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A Teacher and Her Students Gain Practical Advantages After She Returns to Being a Student

Oct 31, 2007
It's a challenge being a teacher: You must learn your subject, gain expertise in teaching, develop plans for every class, continually improve what you do, organize a room full of students, and grade lots of papers and exams.

With time, expertise and preparation improve. Teachers can find, however, that their initial enthusiasm wanes; as a result, their students may not be inspired as much as would be ideal. To counteract that waning enthusiasm, many teachers take workshops, gain advanced degrees to improve their knowledge, and continually read in their subjects.

In seeking improvement, few teachers decide to earn a master of business administration degree as teacher Mrs. Barbara Bidwell Gray Coombs did at Rushmore University. Let's look at what she and her students gained from her unusual route to improved teaching.

Mrs. Coombs had long been interested in business; her undergraduate minor was in business. Teaching was a newer interest, one she first explored after she was asked to teach typing at the age of 45 after many years in office work. That teaching job ended after nine months when the study center where she was working closed. Work as a medical secretary followed.

Ten years later, school called to her again; this time as a student. She earned a degree with honors in interior design, another interest that she had long wanted to explore.

A year later, she returned to teaching, this time at the Academy of Court Reporting where Mrs. Coombs helps court reporting, paralegal, and private investigation students learn about business. It's a long workday that begins at 6:30 a.m. and doesn't end until 10 p.m.

Mrs. Coombs finds the work rewarding because most of her students are former welfare recipients who need to find a way to earn a living. For those students who have not worked in years, this is quite a challenge . . . especially for those students who have the least education.

To stay sharp and reinvigorate her enthusiasm, Mrs. Coombs changes the way she presents her subject matter for each term. This also helps make the material more interesting to students.

Gaining a master of business administration degree appealed to Mrs. Coombs because she saw this as a way to gain more credibility at her school and because she had long wished to learn more about business management. Wanting to establish a number of administrative reforms, she knew it would be helpful to have a management degree. Who knows? Perhaps career choices in educational administration might open up for her. She chose Rushmore University so that she could continue teaching while earning her degree.

She began her MBA studies at Rushmore in 2001. Her student experience was a good one as she learned more about effective business management.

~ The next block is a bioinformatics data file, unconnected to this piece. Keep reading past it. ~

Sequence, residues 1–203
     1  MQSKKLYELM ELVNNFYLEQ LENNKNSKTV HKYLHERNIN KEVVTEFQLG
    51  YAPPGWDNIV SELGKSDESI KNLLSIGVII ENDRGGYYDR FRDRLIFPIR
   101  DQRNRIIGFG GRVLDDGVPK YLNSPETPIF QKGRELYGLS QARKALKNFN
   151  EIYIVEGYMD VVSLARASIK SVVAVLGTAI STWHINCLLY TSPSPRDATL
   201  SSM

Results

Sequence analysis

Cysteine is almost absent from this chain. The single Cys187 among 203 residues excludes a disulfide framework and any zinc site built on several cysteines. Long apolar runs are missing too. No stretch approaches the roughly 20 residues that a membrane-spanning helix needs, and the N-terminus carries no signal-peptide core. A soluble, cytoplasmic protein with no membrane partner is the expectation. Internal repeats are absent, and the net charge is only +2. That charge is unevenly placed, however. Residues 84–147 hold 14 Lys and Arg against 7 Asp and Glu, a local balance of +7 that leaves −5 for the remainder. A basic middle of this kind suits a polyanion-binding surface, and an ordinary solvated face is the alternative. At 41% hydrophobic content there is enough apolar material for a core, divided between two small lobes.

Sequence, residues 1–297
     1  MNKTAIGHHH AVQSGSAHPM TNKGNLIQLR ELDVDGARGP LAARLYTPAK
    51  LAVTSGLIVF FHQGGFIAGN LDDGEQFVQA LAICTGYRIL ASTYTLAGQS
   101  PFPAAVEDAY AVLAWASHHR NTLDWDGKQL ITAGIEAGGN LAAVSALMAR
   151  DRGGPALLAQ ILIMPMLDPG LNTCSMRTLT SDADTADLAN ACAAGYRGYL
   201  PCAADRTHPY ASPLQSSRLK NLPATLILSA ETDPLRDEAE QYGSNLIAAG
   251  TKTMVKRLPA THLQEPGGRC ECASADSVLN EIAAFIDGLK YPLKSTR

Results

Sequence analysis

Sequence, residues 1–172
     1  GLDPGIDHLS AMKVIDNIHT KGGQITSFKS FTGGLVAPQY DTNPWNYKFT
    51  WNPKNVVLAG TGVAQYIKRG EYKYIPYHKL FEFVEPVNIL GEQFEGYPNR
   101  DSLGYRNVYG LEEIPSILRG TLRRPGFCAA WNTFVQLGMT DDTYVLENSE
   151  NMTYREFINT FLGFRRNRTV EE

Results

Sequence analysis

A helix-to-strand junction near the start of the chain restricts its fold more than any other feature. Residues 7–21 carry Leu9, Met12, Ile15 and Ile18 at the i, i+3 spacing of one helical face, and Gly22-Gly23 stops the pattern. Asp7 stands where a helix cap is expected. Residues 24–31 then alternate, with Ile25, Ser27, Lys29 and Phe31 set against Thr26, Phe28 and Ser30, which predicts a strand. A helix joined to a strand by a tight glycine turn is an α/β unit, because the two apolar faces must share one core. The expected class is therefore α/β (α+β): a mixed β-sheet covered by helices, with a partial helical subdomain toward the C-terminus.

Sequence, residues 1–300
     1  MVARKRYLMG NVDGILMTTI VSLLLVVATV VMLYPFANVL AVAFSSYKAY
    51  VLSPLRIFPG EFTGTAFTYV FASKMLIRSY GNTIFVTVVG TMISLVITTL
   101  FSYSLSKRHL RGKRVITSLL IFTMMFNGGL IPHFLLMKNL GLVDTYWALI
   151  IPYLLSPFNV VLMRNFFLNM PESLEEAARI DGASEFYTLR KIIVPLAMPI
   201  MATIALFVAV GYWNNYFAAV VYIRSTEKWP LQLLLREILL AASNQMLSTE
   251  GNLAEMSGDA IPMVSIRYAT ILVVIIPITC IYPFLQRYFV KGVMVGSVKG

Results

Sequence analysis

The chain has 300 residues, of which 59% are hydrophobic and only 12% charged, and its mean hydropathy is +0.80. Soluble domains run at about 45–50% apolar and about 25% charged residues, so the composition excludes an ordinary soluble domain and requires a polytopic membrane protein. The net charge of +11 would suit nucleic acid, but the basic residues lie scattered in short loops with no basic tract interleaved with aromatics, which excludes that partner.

What were some of the gains? Naturally her knowledge of good business practices increased. Many of the other improvements were unexpected, but most welcome. Mrs. Coombs found that she could discipline herself to achieve more than before in reaching a tough goal, earning her MBA degree, especially through applying improved time management skills. She also learned how to see more sides of an issue, a good beginning to finding better solutions. In communications, she became more succinct and clear. Her confidence and effectiveness grew, both in the classroom and with colleagues.

How have these new perspectives translated into her teaching? Here's what Mrs. Coombs had to say:

"I have learned to have more patience because I do not always get a concept the first time around. I am better equipped because of my experience of earning a master's from Rushmore University to understand the struggles that my students sometime have in learning a subject. I struggled with some of the subjects that I had to read, but I was willing to take the time to understand because earning a master's was important to me.

"The bottom line: What I learned in studying for the master's at Rushmore has affected my classroom teaching because I am going into more detail. It is important to gain background material on a subject no matter whether it is English or math or something else. The more a person knows about a subject the better he or she is equipped for the workplace. Becoming a well-rounded person is important, and I do not believe we have as many well-rounded people as we once did in this country. I believe it is true what is being said about America -- 'the dumbing down of America' -- today's students are not taught to the fullest of their potential. There is too much emphasis on proficiency examinations, et cetera."

In 2007, Mrs. Coombs was recognized by Cambridge Who's Who as the outstanding person in court reporting education in the United States.

Students, teachers, and society gain when dedicated teachers go back to school and improve their self management and learning skills.

Will MBAs become as common for teachers as they are for business executives? Probably not, but certainly schools would be more effective if more teachers added this perspective.
About the Author
Donald W. Mitchell is a professor at Rushmore University. For more information about ways to engage in fruitful lifelong learning at Rushmore to increase your effectiveness, visit

http://www.rushmore.edu .
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